BWW Review: STEEL MAGNOLIAS: Bonds in a Salon at Beef & Boards

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BWW Review: STEEL MAGNOLIAS: Bonds in a Salon at Beef & BoardsSTEEL MAGNOLIAS is a much beloved play and film full of the charms of the South and the wit and resilience of the women who inhabit it. It has so many timeless themes, like the bonds of womanhood, the trials of courtship, the anxieties of motherhood and aging. What makes it such an enduring presence on the stage is the way these themes interweave to create peaks of humor and valleys of tragedy that ultimately show a beauty salon is more than a place to beautify. It is a place to forge friendships that are there to catch you when you fall.


Before I even delve into the acting, I have to applaud the set design. The entire play takes place inside Truvy's beauty salon (Deb Wims), and it had a functionality that surprised me. The dialogue clearly calls for someone to get their hair washed, and I expected some kind of clever miming or a quick wrap-up in a towel to imply wet hair. What I saw instead was running water on stage. It may seem like a small detail, but bits like that draw you into the story in a much more tangible way. There was also a fair amount of hairstyling done. It wasn't anything extravagant, but it wasn't so wishy-washy that you were drawn out of the conceit that this was a true salon. I also appreciated the small items that channeled the 80's, like the use of some neon posters and other décor. Michael Layton did very well with his scenic design.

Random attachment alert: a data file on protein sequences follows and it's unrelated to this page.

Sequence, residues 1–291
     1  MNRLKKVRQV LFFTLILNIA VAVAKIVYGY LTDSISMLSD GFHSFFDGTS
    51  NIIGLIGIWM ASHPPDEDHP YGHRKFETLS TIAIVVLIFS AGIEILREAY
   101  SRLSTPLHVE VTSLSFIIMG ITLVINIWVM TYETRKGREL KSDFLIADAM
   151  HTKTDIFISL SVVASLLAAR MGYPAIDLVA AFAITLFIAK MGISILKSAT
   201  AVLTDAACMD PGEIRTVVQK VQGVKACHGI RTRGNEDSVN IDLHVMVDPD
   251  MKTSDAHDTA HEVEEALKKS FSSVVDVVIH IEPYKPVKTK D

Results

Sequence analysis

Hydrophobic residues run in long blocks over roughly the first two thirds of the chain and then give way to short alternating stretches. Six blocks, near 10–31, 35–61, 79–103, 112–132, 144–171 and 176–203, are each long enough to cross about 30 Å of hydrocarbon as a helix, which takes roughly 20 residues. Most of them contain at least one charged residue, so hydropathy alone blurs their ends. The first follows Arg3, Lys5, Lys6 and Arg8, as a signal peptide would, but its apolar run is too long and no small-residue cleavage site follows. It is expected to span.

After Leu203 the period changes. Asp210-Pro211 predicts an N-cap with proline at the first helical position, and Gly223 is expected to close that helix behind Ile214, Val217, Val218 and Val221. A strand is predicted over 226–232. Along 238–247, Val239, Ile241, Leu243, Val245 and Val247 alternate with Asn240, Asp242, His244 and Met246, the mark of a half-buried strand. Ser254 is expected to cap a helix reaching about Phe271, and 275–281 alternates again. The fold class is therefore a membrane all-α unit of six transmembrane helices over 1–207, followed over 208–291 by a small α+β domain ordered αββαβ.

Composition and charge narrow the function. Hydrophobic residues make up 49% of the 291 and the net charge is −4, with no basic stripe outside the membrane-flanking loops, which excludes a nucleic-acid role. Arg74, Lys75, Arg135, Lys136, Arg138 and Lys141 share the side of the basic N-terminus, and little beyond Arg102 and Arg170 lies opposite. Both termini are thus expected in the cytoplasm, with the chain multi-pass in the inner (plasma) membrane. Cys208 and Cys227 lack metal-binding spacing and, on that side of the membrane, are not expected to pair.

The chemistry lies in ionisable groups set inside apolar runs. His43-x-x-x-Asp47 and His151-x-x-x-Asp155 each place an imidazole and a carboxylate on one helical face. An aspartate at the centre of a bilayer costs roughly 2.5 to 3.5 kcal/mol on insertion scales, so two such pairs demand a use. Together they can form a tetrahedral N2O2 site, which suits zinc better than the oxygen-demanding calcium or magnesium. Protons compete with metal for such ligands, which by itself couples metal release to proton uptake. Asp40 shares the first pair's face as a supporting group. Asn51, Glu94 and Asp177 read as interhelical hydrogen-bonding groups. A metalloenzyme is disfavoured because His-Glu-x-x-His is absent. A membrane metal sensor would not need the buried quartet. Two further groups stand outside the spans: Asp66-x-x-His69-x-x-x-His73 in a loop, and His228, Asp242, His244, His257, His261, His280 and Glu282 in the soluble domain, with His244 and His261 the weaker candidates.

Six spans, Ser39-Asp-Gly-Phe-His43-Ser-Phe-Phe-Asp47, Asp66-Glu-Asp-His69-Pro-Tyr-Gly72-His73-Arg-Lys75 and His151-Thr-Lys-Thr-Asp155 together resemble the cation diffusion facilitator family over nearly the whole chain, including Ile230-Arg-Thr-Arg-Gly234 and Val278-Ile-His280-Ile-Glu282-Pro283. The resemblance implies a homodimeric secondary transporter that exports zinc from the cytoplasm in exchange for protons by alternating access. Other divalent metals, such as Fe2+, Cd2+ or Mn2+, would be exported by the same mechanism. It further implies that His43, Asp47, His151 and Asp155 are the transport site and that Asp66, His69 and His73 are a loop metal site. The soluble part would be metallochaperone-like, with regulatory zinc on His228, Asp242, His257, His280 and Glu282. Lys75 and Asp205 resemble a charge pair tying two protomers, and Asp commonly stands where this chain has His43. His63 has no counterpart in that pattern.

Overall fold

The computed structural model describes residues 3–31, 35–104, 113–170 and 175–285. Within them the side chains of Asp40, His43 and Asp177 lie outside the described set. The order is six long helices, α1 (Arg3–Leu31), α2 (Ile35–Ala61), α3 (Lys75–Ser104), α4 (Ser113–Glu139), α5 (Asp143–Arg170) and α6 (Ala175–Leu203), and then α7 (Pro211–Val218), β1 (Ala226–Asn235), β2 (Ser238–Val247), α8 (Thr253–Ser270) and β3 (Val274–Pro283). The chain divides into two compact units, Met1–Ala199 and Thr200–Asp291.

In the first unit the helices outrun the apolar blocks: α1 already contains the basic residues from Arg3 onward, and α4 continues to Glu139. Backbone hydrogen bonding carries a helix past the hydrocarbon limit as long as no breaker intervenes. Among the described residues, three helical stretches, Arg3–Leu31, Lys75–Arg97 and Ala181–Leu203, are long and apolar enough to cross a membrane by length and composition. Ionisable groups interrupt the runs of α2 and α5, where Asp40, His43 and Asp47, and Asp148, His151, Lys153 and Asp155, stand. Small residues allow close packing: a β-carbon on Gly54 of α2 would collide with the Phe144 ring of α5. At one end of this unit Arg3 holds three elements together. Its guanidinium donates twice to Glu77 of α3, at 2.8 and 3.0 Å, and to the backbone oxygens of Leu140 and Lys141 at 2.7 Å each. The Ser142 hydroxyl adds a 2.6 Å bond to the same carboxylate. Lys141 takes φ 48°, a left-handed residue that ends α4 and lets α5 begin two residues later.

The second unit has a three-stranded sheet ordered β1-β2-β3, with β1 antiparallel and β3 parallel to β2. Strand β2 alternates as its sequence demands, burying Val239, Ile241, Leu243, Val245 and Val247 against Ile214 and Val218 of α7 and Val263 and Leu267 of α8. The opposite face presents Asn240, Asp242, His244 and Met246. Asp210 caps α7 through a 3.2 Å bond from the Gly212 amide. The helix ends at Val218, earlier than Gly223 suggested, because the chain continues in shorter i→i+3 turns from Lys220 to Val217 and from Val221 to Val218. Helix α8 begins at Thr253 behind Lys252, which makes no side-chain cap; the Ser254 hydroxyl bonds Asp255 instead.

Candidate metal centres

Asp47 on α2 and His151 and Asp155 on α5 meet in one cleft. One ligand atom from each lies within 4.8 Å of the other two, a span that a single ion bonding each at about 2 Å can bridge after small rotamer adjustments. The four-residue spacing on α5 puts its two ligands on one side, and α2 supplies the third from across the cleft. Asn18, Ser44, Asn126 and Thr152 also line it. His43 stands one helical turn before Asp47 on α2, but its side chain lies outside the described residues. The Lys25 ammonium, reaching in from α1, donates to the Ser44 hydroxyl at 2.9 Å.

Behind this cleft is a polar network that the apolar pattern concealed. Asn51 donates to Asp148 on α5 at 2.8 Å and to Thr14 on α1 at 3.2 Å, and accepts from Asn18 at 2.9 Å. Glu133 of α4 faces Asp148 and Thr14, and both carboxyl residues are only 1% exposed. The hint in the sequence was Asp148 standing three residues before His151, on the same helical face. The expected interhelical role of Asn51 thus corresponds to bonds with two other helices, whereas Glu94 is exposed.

This cast was made up of women who clearly wanted to honor the roles they played with excellent performances. It wasn't hard to see the work they'd put into making their relationships believable so that the audience understood what these women mean to each other.

One standout on the stage was Morgan Jackson as Annelle Dupuy, the shy and uncertain new girl who comes to Truvy's. She had a particular way of carrying herself that implied Annelle's innocence and lack of conviction, and then that developed as her character developed, showing someone still shy but learning to assert themselves.

I also had a rollicking good time listening to the banter exchanged between Ouiser (Kay Francis) and Clairee (Suzanne Stark). Watching them spar with each other in fits of wit and gossip was a great joy to watch. It maintained enough tension to make you wonder if one would go a little too far with the other and cause a true ruckus.

STEEL MAGNOLIAS is full of quick and punchy one-liners that are sure to make you laugh and moments of harsh reality that may make you cry. In short, it has a bit of everything, but mostly it has great insight into the joys of a community of women who are relentless in their support of one another.


Robert Harling's STEEL MAGNOLIAS is a tear-jerking play that represents the female bond and exemplifies the hardy strength that bolsters six women from a small Lousiana town through times of joy and deep sorrow.

After showing a dramedy feel in the first act, the laughs took off like a missile in the second act. The whole of the 6-woman cast exhibited in their characters both strength and femininity. Kay Francis' Ouiser (pronounced like weezer), the personification of older southern womanhood, was grumpy as can be, creating ample comedic tension with the other characters. Suzanne Stark was all gossip and puff in her role as Clairee. I enjoyed the energy she brought to the show.

Deb Wims' Truvy was also a bit of a spark plug, which I greatly appreciated and felt akin to. She and the wonderful Morgan Jackson had a some great on-stage chemistry as they carried the first scene, in which Annelle, new to town, proves herself worthy of being a part of Truvy's Beauty Spot.

Diane Kondrat and Lari White brought pathos to the show as a mother and daughter facing the perils of marriage, pregnancy, and illness. White played the nuances of her unfortunate character arc well, while Kondrat was best in her quiet, pensive moments.

Don't miss your chance to hear the latest gossip at Truvy's! Be sure to snag your tickets before February 2nd.

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